luxury automobiles

Luxury automobiles get a charge with the introduction of Rivian’s electric pickup trucks.

Move over Tesla, or get muscled out of the way by a new entrant into the rapidly expanding market for electric luxury automobiles.

Rivian Automotive LLC made a splash with its electric pickup truck among the luxury automobiles displayed at the Los Angeles Auto Show. And Tesla’s not the only automaker it’s taking aim at. With its short bed and insane acceleration, the upstart’s also taking on such industry giants as Ford.

According to Autoblog:

Startup Rivian created the biggest buzz of the L.A. Auto Show by coming out of virtual oblivion to deliver not one but two battery-electric off-road vehicles with supercar-worthy acceleration and Tesla-fighting range figures. So who are these guys and how did they stay so undiscovered all this time?

To be sure, it’s not like the company, which was founded as Mainstream Motors in Florida in 2009 and quickly changed its name to Avera Automotive before settling on Rivian, flew completely under the radar. But it’s one thing to read about claims of 400-mile-plus driving range, 3-second 0-60 times and 11,000-pound towing capacity, and quite another to see what they’ve actually made — the R1T pickup truck and its companion, the R1S SUV.

The company was the brainchild of then-26-year-old R.J. Scaringe (he’s now 35), a nature and car enthusiast who grew up on Florida’s Indian River but was frustrated by what he saw as a lack of environmentally sustainable automobiles. Scaringe earned a degree in mechanical engineering from Rochester Polytechnic Institute in New York and later earned a master’s and doctorate from MIT, where he worked on the research team at the Sloan Automotive Laboratory.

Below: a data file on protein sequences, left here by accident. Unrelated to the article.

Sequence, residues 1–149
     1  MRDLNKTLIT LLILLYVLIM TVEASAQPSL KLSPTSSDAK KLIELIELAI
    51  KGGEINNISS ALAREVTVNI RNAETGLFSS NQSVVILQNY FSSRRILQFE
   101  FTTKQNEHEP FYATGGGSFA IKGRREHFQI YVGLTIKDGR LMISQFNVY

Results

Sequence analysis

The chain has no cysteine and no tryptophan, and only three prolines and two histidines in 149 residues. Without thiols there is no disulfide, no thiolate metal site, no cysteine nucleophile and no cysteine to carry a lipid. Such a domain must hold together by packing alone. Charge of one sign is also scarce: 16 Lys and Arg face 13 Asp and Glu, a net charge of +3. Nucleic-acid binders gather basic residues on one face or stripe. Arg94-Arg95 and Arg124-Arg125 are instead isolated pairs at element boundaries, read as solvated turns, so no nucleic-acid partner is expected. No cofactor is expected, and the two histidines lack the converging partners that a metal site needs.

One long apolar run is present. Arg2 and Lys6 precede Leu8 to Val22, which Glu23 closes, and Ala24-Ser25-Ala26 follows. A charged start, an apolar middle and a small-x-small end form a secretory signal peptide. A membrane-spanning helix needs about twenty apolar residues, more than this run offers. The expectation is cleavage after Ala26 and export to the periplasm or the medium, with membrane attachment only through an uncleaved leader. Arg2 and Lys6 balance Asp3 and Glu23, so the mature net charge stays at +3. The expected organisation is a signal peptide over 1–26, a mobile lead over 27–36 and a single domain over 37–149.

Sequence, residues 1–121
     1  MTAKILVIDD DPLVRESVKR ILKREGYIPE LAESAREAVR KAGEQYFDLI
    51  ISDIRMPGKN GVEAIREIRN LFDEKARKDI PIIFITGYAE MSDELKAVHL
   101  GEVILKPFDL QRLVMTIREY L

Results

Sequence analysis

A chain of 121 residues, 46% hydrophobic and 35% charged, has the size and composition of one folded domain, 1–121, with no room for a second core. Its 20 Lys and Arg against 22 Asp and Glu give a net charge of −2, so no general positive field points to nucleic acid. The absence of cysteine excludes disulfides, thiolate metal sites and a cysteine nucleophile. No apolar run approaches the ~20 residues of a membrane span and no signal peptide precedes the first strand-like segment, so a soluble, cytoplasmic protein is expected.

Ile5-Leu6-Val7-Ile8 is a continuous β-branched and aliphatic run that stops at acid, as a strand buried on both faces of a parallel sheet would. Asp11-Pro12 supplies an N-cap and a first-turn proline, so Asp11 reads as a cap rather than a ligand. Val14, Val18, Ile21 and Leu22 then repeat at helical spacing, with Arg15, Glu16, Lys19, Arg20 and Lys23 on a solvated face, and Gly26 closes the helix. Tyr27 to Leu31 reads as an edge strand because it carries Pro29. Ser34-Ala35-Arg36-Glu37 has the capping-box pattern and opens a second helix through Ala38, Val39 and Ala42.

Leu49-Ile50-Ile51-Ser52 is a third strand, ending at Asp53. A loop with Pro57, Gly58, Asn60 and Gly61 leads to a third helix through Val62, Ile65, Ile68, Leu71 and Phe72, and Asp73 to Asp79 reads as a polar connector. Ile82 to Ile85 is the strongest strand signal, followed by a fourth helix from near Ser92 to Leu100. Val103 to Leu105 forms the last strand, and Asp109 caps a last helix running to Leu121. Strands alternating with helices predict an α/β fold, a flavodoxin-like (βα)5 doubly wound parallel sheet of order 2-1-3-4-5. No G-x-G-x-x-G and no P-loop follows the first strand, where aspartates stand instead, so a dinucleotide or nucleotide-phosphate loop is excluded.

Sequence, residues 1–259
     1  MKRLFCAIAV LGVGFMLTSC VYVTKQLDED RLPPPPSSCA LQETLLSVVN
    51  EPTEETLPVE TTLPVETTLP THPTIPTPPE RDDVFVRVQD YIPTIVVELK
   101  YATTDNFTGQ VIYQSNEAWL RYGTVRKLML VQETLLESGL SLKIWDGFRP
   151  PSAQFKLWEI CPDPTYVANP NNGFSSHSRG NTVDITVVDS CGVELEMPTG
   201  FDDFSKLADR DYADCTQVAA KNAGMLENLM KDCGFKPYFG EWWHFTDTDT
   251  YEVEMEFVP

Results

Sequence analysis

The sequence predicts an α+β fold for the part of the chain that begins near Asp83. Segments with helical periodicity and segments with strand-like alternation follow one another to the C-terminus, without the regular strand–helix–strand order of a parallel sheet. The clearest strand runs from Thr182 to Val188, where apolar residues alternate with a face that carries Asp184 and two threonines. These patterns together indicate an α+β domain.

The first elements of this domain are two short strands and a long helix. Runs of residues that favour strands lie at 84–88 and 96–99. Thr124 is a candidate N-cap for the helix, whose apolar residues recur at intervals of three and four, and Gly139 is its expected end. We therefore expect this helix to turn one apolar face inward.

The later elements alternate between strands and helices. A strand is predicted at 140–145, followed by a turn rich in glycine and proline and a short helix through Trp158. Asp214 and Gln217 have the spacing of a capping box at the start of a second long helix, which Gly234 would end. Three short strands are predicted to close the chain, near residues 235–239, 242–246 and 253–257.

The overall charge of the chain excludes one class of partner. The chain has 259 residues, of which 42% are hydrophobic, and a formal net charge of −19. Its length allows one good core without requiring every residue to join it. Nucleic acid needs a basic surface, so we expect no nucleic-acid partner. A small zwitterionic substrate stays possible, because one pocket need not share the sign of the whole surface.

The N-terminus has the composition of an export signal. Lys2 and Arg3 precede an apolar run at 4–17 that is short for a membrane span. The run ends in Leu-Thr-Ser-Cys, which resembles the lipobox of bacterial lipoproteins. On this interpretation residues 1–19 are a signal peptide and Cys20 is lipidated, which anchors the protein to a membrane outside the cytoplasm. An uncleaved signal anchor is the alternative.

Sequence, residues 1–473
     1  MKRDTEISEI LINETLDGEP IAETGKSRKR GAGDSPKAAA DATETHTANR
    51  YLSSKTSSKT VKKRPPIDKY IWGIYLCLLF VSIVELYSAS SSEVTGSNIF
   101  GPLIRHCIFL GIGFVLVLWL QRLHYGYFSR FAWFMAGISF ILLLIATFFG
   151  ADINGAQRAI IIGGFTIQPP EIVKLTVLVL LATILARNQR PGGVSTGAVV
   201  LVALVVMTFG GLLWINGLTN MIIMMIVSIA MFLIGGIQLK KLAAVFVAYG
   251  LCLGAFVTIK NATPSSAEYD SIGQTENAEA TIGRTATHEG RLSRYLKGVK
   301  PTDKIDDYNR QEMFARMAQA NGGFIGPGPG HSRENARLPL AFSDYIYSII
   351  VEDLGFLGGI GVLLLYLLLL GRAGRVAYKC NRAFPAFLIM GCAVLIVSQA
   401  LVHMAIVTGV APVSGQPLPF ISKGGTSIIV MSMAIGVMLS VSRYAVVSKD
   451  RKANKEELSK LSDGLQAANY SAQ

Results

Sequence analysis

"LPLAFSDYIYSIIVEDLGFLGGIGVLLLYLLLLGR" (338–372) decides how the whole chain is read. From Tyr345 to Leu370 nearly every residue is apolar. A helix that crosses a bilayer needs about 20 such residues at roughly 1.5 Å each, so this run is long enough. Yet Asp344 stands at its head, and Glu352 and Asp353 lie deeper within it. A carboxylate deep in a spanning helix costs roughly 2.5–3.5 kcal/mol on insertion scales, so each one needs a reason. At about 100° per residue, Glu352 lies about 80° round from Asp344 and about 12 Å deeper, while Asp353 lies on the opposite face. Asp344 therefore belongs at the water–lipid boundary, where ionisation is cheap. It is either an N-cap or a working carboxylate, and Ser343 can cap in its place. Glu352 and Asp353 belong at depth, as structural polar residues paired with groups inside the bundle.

Of course, success at an auto show doesn’t mean the company’s ready to take over the market for luxury automobiles.

But Rivian is an interesting concept, as Reuters points out:

Scaringe sees the U.S. pickup market, which accounts for the bulk of global profits for the Detroit Three automakers, as ripe for change.

“What we’re talking about here are cars that don’t drive particularly well, don’t handle particularly well, have fuel economy that’s really quite bad,” he told reporters at Rivian’s headquarters in Plymouth, Michigan, before the L.A. show.

Rivian has not disclosed prices for its truck, but Scaringe said it will start at just under $70,000 before federal tax credits for the entry-level model. A stripped-down version with the most powerful battery pack will sell for less than $90,000. Current large, luxury pickup trucks can sell at that price or higher.